Green tea is one of the nation's favourite drinks and research suggests that it's also a healthy drink, especially for diabetics. A research review published in the Diabetes and Metabolism journal outlined the potential benefits of tea when it comes to diabetes and obesity. It was highlighted that people who drank six or more cups of green tea a day were 33 percent less likely to develop type-2 diabetes as compared to those who drank less than a cup of green tea per week. So what makes green tea an elixir for patients suffering from diabetes or who are at a risk of developing type-2 diabetes? Find out.
Green tea for diabetes | Green tea to manage blood sugar levels
- Green tea contains substances called polyphenols, which are antioxidants that help reduce oxidative stress, which decreases chances of heart disease that is elevated in people with diabetes.
- Green tea is said to be great for people with diabetes as it helps the metabolic system to function better.
- Green tea has zero calories and negligible sugar, making it good for weight loss. When you lose weight, insensitivity increases and, as a result, you have a lower blood sugar level.
- The catechins present in green tea help may reduce the effects of insulin resistance by decreasing the absorption of carbohydrates.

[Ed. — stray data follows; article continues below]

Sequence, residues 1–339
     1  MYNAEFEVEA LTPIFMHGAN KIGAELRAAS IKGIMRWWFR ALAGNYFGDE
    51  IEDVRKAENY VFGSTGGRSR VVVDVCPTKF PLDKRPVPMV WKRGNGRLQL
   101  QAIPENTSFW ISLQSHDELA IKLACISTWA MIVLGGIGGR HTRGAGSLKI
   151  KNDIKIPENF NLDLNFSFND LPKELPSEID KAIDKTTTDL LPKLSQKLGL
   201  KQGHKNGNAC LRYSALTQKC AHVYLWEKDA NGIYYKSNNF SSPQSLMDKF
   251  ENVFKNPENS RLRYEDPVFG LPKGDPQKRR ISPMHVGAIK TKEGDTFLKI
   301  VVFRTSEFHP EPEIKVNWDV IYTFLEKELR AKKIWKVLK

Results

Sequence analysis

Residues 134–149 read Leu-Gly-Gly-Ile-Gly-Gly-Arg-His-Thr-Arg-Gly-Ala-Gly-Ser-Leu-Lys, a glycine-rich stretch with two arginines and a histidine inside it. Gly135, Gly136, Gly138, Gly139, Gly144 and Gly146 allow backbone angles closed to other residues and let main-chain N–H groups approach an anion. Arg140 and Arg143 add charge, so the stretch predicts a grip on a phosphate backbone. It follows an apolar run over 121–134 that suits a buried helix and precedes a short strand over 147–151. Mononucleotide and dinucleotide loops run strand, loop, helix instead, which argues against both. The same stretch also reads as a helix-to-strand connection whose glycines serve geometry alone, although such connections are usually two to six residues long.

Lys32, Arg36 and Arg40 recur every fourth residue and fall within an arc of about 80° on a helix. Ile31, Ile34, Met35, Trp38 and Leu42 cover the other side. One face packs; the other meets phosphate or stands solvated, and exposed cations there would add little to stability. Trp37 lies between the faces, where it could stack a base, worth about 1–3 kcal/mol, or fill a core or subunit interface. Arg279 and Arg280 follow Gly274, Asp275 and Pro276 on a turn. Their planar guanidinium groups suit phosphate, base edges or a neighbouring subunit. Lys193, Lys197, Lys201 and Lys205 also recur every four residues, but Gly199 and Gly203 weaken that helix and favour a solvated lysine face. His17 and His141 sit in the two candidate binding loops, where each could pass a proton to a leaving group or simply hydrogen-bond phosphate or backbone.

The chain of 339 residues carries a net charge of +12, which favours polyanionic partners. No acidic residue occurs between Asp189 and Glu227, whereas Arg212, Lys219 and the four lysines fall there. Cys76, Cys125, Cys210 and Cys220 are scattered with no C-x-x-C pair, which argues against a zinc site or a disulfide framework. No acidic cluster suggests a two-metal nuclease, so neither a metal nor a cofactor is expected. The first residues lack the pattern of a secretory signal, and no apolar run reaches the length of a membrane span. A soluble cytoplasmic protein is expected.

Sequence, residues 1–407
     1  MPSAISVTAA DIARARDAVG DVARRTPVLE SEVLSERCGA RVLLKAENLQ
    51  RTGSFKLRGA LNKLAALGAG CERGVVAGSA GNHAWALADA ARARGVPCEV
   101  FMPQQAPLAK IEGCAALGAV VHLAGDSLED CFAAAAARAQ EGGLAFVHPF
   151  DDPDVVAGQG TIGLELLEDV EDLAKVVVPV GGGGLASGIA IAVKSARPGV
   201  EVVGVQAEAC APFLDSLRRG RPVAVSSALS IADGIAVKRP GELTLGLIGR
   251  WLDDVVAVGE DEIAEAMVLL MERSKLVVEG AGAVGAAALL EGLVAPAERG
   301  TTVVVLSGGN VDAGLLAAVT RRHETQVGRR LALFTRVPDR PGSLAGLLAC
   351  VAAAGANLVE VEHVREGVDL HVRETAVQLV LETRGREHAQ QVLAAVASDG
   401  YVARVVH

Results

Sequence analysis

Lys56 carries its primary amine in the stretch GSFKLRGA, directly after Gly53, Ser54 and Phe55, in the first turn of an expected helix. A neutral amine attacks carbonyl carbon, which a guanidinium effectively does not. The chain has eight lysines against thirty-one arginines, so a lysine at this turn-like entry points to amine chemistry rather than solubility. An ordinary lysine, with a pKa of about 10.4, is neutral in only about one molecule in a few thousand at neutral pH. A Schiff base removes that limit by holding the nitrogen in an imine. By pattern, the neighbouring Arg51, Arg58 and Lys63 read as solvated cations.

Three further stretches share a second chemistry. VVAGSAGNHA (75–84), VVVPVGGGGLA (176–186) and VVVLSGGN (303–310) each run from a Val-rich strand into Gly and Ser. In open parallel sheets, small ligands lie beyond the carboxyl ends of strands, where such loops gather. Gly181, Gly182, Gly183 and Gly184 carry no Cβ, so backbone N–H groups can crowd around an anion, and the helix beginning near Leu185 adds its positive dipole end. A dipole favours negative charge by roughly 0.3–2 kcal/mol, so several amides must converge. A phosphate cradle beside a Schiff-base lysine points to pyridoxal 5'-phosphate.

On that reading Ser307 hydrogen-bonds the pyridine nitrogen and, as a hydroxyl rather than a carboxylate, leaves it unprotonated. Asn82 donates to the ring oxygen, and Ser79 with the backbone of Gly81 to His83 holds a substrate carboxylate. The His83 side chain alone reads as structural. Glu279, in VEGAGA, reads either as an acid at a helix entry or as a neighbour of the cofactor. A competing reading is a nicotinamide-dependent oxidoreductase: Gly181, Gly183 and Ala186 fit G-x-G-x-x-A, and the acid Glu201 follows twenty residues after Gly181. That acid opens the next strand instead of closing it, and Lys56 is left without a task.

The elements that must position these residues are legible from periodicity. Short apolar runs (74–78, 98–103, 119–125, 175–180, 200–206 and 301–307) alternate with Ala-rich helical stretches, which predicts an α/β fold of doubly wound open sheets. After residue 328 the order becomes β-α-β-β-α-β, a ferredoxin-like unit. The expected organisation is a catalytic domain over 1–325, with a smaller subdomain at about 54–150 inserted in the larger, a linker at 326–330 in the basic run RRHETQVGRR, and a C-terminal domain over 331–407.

- Green tea has lesser amount of caffeine as compared to black tea; therefore about three to four cups of green tea may not affect your blood pressure.
- If you find green tea too bitter, don't add table sugar (brown or white), instead use raw honey.
- Green tea has antioxidants that help in boosting metabolism and keep the digestion process strong. A good digestive system may keep the blood sugar levels stable.
- Green tea is also an appetite suppressant that helps you prevent cravings and untimely hunger pangs.
(Also Read: Know The Side Effects Of Green Tea)
The other teas that may be better for managing diabetes may include oolong tea and black tea.
So, if you are looking at controlling diabetes, then leave the milk tea and start sipping on green tea, black tea or oolong tea.
Disclaimer: This content including advice provides generic information only. It is in no way a substitute for qualified medical opinion. Always consult a specialist or your own doctor for more information. NDTV does not claim responsibility for this information.
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